The Importance of a Work Plan

by Devra Gartenstein; Updated September 26, 2017
Woman standing by whiteboard and talking with colleagues during meeting

Beginning a project without a thoughtful work plan is like starting a road trip without a map. You may eventually get where you're going, but you're likely to spend energy and resources meandering rather than charting a direct line toward your destination. A clear and detailed work plan won't solve all of the problems that may come up during the course of a project, but it will provide an opportunity to organize your thoughts, evaluate your options and pre-empt potential difficulties.

Charting Direction

A work plan is a practical, limited time manifestation of an overall strategic plan. The scope of the work plan is more limited than that of the big-picture strategic plan, which defines your organization's overall purpose and mission. However, the work plan does provide perspective for day-to-day tasks, putting them in context relative to your organization's concrete objectives during the plan's specific time frame. This clarity can provide an overall sense of purpose, encouraging collaboration toward common goals.

Posting Benchmarks

Your work plan's usefulness continues throughout the period it covers, providing milestones to assess progress. A useful work plan defines a series of short-term goals, providing measurable objectives for evaluating success. Measurable objectives may include a targeted number of new customers or clearly delineated phases of product development to be completed within a specific time frame. These goals offer ongoing feedback: For the most part, a successful project achieves its short-term goals, while an unsuccessful endeavor comes up short.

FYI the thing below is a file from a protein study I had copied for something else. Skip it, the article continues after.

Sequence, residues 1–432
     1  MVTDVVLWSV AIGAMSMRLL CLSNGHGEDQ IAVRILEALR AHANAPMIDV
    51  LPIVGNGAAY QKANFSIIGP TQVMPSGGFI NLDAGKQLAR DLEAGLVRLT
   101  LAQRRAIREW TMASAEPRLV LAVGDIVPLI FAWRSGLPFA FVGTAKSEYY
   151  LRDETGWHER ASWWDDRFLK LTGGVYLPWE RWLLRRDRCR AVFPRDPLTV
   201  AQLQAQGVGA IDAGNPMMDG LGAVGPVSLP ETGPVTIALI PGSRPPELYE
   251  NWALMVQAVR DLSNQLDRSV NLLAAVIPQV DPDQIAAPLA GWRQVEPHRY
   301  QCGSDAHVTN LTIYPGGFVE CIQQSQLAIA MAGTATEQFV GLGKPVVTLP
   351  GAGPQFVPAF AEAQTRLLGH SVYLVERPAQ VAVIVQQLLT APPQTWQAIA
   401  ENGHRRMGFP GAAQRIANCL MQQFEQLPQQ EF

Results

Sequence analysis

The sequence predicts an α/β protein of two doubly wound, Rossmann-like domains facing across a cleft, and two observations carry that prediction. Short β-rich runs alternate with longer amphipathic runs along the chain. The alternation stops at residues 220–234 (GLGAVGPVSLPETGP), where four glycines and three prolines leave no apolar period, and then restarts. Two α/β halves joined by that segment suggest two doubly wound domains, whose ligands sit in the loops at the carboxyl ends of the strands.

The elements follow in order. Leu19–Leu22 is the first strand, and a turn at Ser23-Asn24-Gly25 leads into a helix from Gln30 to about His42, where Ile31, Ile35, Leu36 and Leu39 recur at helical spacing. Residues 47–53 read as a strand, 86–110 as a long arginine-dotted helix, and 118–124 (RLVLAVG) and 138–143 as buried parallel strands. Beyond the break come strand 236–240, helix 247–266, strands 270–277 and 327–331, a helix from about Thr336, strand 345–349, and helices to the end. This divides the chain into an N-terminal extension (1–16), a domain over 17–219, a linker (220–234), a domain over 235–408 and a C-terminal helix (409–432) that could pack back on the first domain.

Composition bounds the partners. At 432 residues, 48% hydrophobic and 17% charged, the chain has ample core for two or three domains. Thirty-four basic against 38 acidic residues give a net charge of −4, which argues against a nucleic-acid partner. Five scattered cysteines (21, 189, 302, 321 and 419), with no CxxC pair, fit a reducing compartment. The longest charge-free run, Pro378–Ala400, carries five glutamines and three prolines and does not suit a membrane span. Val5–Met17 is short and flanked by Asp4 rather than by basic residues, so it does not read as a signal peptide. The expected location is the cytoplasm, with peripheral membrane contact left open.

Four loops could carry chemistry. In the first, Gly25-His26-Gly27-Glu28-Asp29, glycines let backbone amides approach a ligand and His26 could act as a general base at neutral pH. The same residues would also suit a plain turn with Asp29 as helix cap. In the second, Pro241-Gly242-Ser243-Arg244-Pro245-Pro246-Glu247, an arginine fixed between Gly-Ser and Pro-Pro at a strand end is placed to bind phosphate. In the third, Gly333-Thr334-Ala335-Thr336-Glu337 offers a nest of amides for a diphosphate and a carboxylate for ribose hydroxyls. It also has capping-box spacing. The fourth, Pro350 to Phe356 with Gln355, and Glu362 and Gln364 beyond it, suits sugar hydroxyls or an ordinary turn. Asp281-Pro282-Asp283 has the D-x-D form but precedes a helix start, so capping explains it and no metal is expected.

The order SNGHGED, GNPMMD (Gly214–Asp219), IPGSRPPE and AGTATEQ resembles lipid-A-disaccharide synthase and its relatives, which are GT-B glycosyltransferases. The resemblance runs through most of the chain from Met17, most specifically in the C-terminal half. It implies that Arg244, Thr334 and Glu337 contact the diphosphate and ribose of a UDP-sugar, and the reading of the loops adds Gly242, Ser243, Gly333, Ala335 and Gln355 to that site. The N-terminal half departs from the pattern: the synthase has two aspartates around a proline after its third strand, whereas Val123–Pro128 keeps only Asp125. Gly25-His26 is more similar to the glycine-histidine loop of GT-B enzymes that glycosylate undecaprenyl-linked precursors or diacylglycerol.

Identifying Obstacles

A relevant and well-researched work plan performs the important task of highlighting potential difficulties and proactively offering solutions. The process of creating the work plan offers an opportunity to address these difficult questions, and ongoing reference to the plan can keep these issues in the foreground and force your organization to address them rather than lapsing into complacency. For example, if your organization uses outdated technology, your work plan may prioritize replacing these systems with others that will be useful farther into the future.

Ensuring Accountability

An effective work plan clarifies the specific tasks and outcomes that each team member must achieve, paving the way for accountability and successful collaboration. By clearly delineating individual responsibilities and their relationship to the larger project in process, a work plan can help create a successful balance between personal and collective roles, facilitating communication and joint problem-solving. Conversely, the responsibilities outlined in a work plan can help an organization identify and address its weak links, specifically those individuals who are not meeting the work plan's benchmarks.

About the Author

Devra Gartenstein is an omnivore who has published several vegan cookbooks. She has owned and run small food businesses for 30 years.

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